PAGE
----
How Do Ya’ll Do That?!?!

By Andrea Bigelow

By Andrea Bigelow

I met my husband in college.  We met at Wake Forest University (GO DEACS!!)  in the early 1990s.  We started dating on October 3, 1992, and we’ve been inseparable ever since.  We were married six years later on October 3, 1998.  This year, we’ll be celebrating our fifteenth and twenty-first anniversaries respectively.  That’s a long damn time, y’all.  A long damn time.

We are asked quite often how we do it.  How have we managed to stay together all these years …   through the ups and downs, the health scares, the birth of our son, the deaths of loved ones, the loss of jobs, the start of businesses, through any and everything?

Well, that’s a good question.  While we have many married friends, we also have many friends whose marriages didn’t survive.  So I’ve thought about it … about how we answer those folks who question why we are still together, who look to us for a tidbit of advice, and who look for something to take back and apply to their own relationships.  Here’s what I’ve determined.

1      We’re both just stubborn as hell.  Stubborn may not be a characteristic you would think would work in a marriage, but it works for us.  We made a promise to each other.  We are in this thing for better or worse, in sickness and health, for richer or poorer.  We in it to win it, dog gonnit.  Sure, we have our problems.  Of course, we don’t always agree on issues.  I love my husband dearly and I know he loves me, but there are times when he wears on my nerves, and I know for a fact I can wear on his.  But we made a commitment to each other, and we meant it.  Period.  That means whatever our issues are; we’re going to work ‘em out.  It can get uncomfortable.  Sometimes feelings or pride can get hurt, but we look at it like this.  It’s much better to deal with our problems head-on than to let lawyers and judges decide the fate of our lives.  Divorce is not an option for us.

2      If all else fails, we have our faith to fall back on.  My husband is the son of a preacher man, and I grew up in a home with a strong religious background.  We both grew up in the church.  While we haven’t always been as faithful to God as He’s been to us, we know where our help comes from.  We pray for each other, our relationship, and our family.  We worship together.  We read His word.  There’s some good relationship advice in the Bible, y’all.  Check it out, and make God a part of your married life.

3      We have to make the effort to find “couple time”.  Our lives are hectic.  We have a 9-year-old son whose social and extra-curricular calendars keep us on the move.  We are expecting our second child this June, so we’ve been spending lots of time lately preparing for her arrival.  My husband and I both work full-time jobs, but we also own our own businesses.  Our parents are aging and have had their share of medical issues over the recent years, and we have to make time for them.  The list goes on and on.  There are so many things that will keep us apart if we allow them to, but we simply don’t.  We’ve found that if we don’t make the time just for us, it can get a little tense back at the house.  My husband and I have a lot of the same interests.  We love music and concerts, we love dining out, and we love going to the movies.  While we may not go out together as often as we would like, when we feel things getting away from us, we call up our babysitter and go on a date night.  We make time just for us.  It keeps us connected, it helps focused on us, and it keeps peace in our home.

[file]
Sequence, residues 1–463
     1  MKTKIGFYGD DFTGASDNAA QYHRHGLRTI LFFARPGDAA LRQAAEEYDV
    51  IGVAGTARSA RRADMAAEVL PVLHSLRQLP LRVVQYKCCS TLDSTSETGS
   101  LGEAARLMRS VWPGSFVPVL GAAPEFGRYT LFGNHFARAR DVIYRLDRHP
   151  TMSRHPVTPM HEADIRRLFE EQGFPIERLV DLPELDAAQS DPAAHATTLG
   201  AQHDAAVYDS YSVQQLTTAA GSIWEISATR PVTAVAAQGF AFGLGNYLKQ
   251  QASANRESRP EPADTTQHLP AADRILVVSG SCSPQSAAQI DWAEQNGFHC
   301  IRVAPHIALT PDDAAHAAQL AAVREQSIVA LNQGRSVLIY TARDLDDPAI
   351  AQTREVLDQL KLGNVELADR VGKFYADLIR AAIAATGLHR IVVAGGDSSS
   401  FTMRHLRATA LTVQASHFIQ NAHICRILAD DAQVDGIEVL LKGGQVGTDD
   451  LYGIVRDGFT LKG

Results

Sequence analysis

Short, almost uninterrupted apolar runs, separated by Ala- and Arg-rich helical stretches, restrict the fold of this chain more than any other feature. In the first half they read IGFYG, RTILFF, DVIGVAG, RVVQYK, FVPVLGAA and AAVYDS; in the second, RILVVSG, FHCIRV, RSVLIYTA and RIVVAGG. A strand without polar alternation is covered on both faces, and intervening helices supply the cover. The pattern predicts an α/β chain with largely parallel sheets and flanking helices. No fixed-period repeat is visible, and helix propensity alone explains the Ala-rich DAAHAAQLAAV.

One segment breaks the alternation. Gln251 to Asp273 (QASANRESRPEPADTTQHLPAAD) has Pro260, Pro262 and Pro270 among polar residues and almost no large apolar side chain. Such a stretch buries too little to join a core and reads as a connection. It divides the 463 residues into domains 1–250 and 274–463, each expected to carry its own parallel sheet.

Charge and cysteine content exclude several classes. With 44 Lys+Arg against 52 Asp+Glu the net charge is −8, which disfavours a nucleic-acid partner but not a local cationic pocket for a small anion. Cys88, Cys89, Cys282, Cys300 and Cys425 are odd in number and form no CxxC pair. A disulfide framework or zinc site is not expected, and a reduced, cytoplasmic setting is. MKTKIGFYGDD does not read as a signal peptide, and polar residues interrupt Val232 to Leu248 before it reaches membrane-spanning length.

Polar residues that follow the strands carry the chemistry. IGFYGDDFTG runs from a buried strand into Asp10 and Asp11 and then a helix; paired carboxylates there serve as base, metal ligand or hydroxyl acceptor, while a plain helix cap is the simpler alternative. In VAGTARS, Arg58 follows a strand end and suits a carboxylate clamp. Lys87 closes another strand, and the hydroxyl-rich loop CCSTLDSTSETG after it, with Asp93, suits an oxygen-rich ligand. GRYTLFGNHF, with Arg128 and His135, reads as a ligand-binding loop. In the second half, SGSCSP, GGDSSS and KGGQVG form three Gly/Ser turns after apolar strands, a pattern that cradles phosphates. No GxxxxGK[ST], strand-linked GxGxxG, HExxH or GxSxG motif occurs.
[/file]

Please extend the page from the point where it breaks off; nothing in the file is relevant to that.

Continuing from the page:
4      We also make time for ourselves as individuals.  Again, I love my husband and I know he loves me.  But let’s face it … we can’t be up under each other all the time.  We’d drive each other crazy.  It’s okay.  Really.  It’s okay to do things without your spouse.  Every year twice a year, my husband gets together with some of his hometown or college buddies for a weekend away.  Likewise, there are times when I have girls’ night out or weekend get-aways with my crew.  We come back home refreshed.  We’ve also found that we come back to someone who missed us.  It’s true what they say.  Absence makes the heart grow fonder.

5    Let’s talk about sex for a minute, y’all.  Do it … regularly and frequently.  No excuses.  No faked headaches.  No “lemme take a nap first”.  JUST DO IT.  You’d be surprised how those tense moments can become all but forgotten after a good healthy round of lovemaking.  In the words of Forrest Gump, “That’s all I have to say about that.”

I think we’re going to make it.  Bottom line … happily ever after is exactly what you make it.  Plain and simple.  Marriage is hard work, and you have to have your mind made up even before you say “I do” that you will do the work.  You WILL put in the work to make your happily ever after a reality.  You WILL commit yourself to working with and loving your mate for a lifetime.  You WILL work to keep and hold those vows you take before God as sacred. You WILL work on making your marriage WORK.  Failure is not an option.

Andrea Bigelow is a graduate of Wake Forest University and resides in Durham. She is married to her college sweetheart and they have one child with one on the way.  Andrea owns and operates a home-based bakery, Yummy To Your Tummy Desserts by Andrea: www.dessertsbyandrea.com/welcome.htm